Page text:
Why is it that a room can “match” and lack appeal, while a space with seemingly disparate furnishings works impressively?
Much depends on three qualities that capture the essence of good design: consistency, coherence and comprehensiveness. A good interior specialist applies these three “c’s” with an understanding that they are the foundation for designing all rooms with classic style that never bore, or age badly.
Think of it this way: you enter a room designed and installed in the late ‘40s, in true mid-century modern style. If you observe that by lightly refreshing (not changing) the room’s aesthetics, your room retains its beauty and functionality, you are probably in a room that meets the three “c’s”.
Be consistent…but do not bore!
In the context of design, consistency is the disciplined ability to source furnishings and utilize design principles that enhance an overall design objective, sometimes in unexpected ways. This is especially true in locations with very old, or historic housing stock, such as in East Coast brownstones or in European townhouses.
In the example shown below, the homeowner’s contemporary taste is the first thing we see, via the light wood floor and island finishes, the restrained accessorizing and the barstools’ bright yellow upholstery. The ornate fireplace surround and the plasterwork are secondary, yet complimentary.
The current owner’s taste for contemporary furniture and her home’s over-the-top plaster moldings would not, at first blush, work. However, by painting the walls and the moldings a neutral color, and de-emphasizing (but not eliminating) period details, elements of the past frame the present. It works.
Coherence…do you get it?
We think of coherence as something that makes sense. It’s the same in design. When each room in a home is done in a different style, and colors either don’t complement each other or do not adequately contrast, the home is confusing and incoherent.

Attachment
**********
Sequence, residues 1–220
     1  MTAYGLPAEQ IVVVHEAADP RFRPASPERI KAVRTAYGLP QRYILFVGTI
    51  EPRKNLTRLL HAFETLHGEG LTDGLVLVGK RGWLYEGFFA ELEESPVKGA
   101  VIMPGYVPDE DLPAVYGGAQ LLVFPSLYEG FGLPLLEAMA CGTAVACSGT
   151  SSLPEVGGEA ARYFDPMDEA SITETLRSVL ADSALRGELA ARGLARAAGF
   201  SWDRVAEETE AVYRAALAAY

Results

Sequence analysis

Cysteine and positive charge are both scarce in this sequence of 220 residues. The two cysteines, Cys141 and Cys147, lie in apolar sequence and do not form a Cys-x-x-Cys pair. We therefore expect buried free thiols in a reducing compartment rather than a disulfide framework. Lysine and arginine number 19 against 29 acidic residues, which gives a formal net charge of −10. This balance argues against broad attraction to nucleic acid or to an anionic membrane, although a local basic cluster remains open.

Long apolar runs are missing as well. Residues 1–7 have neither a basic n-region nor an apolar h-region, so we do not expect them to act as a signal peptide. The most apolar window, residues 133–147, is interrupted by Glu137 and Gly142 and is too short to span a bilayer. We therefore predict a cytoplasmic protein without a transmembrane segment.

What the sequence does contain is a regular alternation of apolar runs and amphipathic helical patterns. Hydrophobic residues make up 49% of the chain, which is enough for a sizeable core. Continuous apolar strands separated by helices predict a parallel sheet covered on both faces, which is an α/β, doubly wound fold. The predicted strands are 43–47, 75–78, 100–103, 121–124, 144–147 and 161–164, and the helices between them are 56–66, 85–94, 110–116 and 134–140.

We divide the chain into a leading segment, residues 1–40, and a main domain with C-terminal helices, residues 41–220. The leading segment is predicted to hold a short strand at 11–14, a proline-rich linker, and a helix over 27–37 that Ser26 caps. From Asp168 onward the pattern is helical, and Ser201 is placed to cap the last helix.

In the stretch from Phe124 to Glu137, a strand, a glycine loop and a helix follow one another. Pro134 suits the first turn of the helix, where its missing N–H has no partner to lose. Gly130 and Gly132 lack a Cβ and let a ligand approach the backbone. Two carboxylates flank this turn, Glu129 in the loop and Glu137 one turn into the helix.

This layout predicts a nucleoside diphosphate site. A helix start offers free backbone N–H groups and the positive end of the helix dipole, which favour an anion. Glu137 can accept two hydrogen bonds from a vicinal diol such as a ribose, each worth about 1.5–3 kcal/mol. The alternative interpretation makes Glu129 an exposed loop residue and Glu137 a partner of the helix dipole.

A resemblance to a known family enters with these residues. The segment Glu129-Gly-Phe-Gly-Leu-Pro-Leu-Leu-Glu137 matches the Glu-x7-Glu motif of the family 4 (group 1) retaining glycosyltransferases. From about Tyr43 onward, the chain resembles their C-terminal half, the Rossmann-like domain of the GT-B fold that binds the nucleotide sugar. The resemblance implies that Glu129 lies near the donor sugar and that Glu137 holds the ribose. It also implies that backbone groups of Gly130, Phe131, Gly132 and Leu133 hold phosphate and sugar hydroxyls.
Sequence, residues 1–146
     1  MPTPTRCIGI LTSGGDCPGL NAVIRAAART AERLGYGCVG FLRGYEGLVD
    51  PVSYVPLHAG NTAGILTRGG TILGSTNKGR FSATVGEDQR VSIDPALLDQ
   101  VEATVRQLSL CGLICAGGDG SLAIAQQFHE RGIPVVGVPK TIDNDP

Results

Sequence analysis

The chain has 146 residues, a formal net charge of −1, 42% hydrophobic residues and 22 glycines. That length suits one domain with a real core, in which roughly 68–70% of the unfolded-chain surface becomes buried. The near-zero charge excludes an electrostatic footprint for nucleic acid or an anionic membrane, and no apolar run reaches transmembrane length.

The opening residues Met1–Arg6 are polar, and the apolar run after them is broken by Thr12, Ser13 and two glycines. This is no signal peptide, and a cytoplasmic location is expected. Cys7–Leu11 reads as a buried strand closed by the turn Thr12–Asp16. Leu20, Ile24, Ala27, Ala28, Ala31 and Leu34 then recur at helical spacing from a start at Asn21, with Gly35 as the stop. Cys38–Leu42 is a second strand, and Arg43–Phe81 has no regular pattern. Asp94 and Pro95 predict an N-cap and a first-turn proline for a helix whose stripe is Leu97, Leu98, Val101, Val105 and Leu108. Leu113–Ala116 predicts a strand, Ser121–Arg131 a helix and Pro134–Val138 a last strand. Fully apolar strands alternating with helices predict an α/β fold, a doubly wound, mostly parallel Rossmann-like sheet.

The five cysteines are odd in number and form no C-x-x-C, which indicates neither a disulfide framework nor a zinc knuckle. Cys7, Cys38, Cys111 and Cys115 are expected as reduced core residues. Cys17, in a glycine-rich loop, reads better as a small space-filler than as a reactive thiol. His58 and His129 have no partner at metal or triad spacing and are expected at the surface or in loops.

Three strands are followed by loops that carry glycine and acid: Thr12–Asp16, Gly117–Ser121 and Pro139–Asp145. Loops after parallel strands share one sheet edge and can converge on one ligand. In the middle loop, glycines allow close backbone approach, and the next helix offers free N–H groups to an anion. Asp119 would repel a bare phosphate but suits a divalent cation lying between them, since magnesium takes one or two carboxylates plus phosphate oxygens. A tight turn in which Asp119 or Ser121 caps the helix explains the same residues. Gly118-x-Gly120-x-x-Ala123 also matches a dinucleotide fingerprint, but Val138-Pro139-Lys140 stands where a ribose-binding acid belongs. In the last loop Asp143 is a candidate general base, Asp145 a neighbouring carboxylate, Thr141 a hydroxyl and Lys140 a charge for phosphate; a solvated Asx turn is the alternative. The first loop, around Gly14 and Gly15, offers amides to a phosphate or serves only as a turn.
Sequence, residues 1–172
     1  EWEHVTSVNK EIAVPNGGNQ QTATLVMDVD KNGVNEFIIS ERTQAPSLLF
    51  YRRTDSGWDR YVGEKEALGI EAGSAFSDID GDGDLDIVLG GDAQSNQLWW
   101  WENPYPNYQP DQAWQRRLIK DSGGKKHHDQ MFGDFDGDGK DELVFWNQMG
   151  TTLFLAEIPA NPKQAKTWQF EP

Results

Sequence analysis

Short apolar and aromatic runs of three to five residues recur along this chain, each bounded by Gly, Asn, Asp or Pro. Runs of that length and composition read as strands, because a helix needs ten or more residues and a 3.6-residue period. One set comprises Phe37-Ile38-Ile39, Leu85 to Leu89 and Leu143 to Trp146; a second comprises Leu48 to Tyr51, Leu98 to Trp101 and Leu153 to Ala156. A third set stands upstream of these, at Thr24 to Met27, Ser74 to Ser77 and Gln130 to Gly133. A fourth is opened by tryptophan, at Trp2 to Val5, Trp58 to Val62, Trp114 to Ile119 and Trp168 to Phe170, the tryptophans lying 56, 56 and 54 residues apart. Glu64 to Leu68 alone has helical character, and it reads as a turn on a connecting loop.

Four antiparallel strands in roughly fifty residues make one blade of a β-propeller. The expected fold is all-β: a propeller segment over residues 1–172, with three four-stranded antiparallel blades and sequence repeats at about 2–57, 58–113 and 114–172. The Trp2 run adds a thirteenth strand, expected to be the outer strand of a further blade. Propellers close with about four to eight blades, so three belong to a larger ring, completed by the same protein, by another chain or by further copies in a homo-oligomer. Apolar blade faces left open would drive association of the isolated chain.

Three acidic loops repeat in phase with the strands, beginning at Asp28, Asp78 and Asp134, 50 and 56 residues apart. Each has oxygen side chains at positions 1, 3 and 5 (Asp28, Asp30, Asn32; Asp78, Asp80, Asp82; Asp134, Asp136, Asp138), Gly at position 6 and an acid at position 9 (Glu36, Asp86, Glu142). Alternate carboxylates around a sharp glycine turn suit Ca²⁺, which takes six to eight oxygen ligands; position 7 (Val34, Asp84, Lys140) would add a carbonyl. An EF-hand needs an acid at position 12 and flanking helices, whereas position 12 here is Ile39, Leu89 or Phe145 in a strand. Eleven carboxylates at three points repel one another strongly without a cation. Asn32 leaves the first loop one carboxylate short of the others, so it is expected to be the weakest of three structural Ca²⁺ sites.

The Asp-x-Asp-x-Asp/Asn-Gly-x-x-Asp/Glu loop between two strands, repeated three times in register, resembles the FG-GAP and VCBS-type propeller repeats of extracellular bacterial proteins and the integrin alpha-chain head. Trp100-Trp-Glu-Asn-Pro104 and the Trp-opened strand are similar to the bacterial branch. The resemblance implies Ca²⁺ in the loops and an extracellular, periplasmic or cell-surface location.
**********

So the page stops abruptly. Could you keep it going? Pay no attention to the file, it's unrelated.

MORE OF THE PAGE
Out-of-period furnishings forcibly injected into an existing design scheme can rob a room of any cohesion, unless they are positioned and lit properly as a “one-off”.
A coherent home subtly replays a set of colors, textures and themes throughout. It may require a re-model, or replacement of moldings that don’t match throughout the home. In a home with design coherence, an observer can stand in one room, look through the doorway into a second room, consciously or unconsciously, and see a recurrence of color, texture or theme.
In the photo below, note how the same hue of brown is used in varying tones and shades to pull the two rooms together. Most of the wall space is unoccupied, yet through the clever use of textures, including the grass cloth wallpaper in the farthest room, both rooms enhance each other and hold interest.
Comprehensive…a balance of time, money and patience
Shelter television has done a great disservice to true interior design. What we see on TV entertains, but it also underprices materials and labor, and presents unrealistic project timelines.
A good project outcome requires solid preplanning to recognize construction limitations, and to establish a budget, a functional and aesthetic objective and a reasonable timeline. Here are some guidelines to consider:
Interior and kitchen design requires skill, patience and attention to detail. Most projects are a sizable investment in time and money, and they need to satisfy for a long time.
An interior designer who relies on consistency, coherence and a comprehensive approach to each project will protect your investment, maximize your satisfaction and ensure your design is classic and functional. Please reach out to me if you would like me to do that for you! You can reach me at 215-860-5059.